"Online shopping, re-gifting" - catchwords for Boxing Day in Canada

10:25, December 27, 2009      

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Customers queue up to enter a shop for the Boxing Day bargain sales in Toronto, Canada, Dec. 26, 2009, the first day after Christmas. (Xinhua/Zou Zheng)

Online shopping and re-gifting have become two catchwords for this year's Boxing Day shopping in Canada, survey shows.

About 41 percent of Canadian Boxing Day shoppers plan on making a portion of their purchases online, up from 34 percent in 2008, according to a survey issued on Saturday.

The survey, conducted by Ipsos-Reid on behalf of PayPal Canada, reveals that more consumers will look for ways to avoid the hassles associated with Boxing Day shopping in stores.

About 68 percent of the shoppers dislike the long lines and crowds at the mall while other 11 percent are frustrated to find that the item they are looking for is not carried or sold out. Some four percent shoppers barely make it into the mall because it's so hard to find a parking spot.

"Even before the holiday rush started, we knew that shoppers were looking to avoid the frustrations typically associated with this shopping period," said Nicky Mezo, head of marketing for PayPal Canada.

Customers queue up to enter a shop for the Boxing Day bargain sales in Toronto, Canada, Dec. 26, 2009, the first day after Christmas. (Xinhua/Zou Zheng)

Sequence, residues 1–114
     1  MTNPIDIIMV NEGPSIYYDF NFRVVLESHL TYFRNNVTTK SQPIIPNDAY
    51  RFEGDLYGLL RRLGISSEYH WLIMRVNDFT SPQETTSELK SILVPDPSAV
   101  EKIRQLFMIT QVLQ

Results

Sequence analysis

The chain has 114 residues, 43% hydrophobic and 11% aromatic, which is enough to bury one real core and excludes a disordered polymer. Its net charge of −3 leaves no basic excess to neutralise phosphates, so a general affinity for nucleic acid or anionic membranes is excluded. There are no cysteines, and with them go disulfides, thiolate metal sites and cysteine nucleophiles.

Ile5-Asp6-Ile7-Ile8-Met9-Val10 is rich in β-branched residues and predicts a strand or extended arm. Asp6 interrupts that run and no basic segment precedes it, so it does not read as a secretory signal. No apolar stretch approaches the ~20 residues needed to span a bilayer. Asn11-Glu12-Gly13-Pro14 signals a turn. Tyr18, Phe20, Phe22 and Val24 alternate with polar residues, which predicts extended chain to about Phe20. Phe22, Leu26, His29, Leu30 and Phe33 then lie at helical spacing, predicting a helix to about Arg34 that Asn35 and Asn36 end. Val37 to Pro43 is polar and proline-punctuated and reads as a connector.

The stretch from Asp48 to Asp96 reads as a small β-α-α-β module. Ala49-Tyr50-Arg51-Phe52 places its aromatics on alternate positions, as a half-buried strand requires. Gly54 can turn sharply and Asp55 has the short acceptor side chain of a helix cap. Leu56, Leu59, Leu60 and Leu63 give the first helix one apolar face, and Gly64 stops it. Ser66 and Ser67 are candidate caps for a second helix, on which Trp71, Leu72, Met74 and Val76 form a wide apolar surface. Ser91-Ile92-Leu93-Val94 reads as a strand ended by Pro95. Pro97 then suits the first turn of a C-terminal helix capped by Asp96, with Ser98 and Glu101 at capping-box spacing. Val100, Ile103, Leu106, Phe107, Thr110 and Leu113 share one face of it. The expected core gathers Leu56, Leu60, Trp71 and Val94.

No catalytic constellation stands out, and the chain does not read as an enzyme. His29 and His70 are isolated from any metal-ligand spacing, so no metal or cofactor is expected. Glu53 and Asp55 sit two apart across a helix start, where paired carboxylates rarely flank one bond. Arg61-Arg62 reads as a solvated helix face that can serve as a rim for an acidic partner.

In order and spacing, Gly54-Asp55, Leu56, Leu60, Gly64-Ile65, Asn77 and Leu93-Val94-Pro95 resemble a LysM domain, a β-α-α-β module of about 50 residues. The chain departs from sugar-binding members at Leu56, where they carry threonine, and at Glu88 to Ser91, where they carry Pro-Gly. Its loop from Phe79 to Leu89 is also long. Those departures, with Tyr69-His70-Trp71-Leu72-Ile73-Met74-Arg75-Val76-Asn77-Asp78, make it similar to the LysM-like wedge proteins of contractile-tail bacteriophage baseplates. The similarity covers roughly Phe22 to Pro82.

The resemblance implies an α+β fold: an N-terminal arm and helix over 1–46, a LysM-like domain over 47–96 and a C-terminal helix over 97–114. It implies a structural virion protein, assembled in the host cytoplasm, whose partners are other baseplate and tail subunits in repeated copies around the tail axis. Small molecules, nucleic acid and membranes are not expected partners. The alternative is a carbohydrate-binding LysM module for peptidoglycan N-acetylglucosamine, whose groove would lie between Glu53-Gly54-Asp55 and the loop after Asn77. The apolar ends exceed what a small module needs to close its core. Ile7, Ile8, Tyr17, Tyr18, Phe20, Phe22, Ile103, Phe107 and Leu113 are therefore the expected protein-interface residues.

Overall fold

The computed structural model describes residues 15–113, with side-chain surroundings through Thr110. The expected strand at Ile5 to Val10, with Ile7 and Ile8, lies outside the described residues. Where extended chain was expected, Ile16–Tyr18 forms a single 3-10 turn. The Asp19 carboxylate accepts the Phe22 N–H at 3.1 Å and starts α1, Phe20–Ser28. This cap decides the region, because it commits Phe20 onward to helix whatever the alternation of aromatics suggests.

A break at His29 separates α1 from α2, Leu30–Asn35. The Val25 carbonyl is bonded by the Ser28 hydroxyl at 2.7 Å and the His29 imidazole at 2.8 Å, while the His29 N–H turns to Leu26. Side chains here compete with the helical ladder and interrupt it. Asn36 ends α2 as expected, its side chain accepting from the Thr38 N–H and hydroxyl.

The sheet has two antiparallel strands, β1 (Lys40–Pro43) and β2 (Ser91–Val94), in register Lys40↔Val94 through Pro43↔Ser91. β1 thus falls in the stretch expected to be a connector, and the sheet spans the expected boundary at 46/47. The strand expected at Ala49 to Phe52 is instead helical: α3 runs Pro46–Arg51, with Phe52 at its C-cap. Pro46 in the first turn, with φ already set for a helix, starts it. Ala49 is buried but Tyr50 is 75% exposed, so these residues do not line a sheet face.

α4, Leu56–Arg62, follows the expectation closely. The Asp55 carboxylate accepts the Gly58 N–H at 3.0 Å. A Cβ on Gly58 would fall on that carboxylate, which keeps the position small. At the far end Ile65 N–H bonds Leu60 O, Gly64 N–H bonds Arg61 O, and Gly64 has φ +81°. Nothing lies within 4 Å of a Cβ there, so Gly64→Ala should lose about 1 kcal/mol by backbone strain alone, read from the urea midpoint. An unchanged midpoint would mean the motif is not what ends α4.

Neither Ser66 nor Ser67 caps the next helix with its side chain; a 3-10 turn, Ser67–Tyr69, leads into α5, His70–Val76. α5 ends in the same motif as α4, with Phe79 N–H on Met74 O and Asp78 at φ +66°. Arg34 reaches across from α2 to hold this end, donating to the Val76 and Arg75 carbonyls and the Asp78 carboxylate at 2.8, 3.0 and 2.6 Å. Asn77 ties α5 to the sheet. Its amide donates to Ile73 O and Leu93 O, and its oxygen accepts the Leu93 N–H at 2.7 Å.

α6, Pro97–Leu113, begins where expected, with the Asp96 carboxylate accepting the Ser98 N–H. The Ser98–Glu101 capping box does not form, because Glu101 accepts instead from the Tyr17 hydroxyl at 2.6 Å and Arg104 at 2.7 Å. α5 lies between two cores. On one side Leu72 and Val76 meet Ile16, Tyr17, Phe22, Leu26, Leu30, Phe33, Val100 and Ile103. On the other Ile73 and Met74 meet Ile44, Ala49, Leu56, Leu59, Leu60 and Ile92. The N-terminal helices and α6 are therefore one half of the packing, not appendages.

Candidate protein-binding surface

"By teaming up with several online merchants, we're making it hassle-free for shoppers to take advantage of special Boxing Day offers from the comfort of their own home."

Money is also a concern for Canadian shoppers. Winnie Yu, an engineer with the Scotiabank, told Xinhua that she found that items in online stores are almost 20 percent cheaper than those in malls.

Re-gifting: an new option for Canadians

Thoughtless and impersonal holiday gifts may leave many wondering about the rules for re-gifting. Three in 10 Canadians have received a holiday gift that was an obvious re-gift, according to new research from eBay Canada, and this may have had an impact on the more than 40 percent of Canadians who are wary of what to do with unwanted gifts.

According to the research, one in three Canadians may have unwrapped unwanted gifts that were either thoughtless or impersonal this holiday season, but some may be hesitant to re-gift the item for fear of getting caught.

While Canadians may be reluctant to repurpose holiday gifts, there is nothing wrong with re-gifting or re-selling the item as long as it is done properly. It's an environmentally- and budget-friendly option for making the most out of unwanted items.

"Don't store the item in the back of a closet or hide it under a bed. Rather, look at ways to make the most of unwanted holiday gifts by re-gifting or re-selling the item. It's a great way to recoup some of the costs," said Cathie Mostowyk, eBay Canada's budget expert and editor of the Shoestring Shopping Guide.

Source: Xinhua
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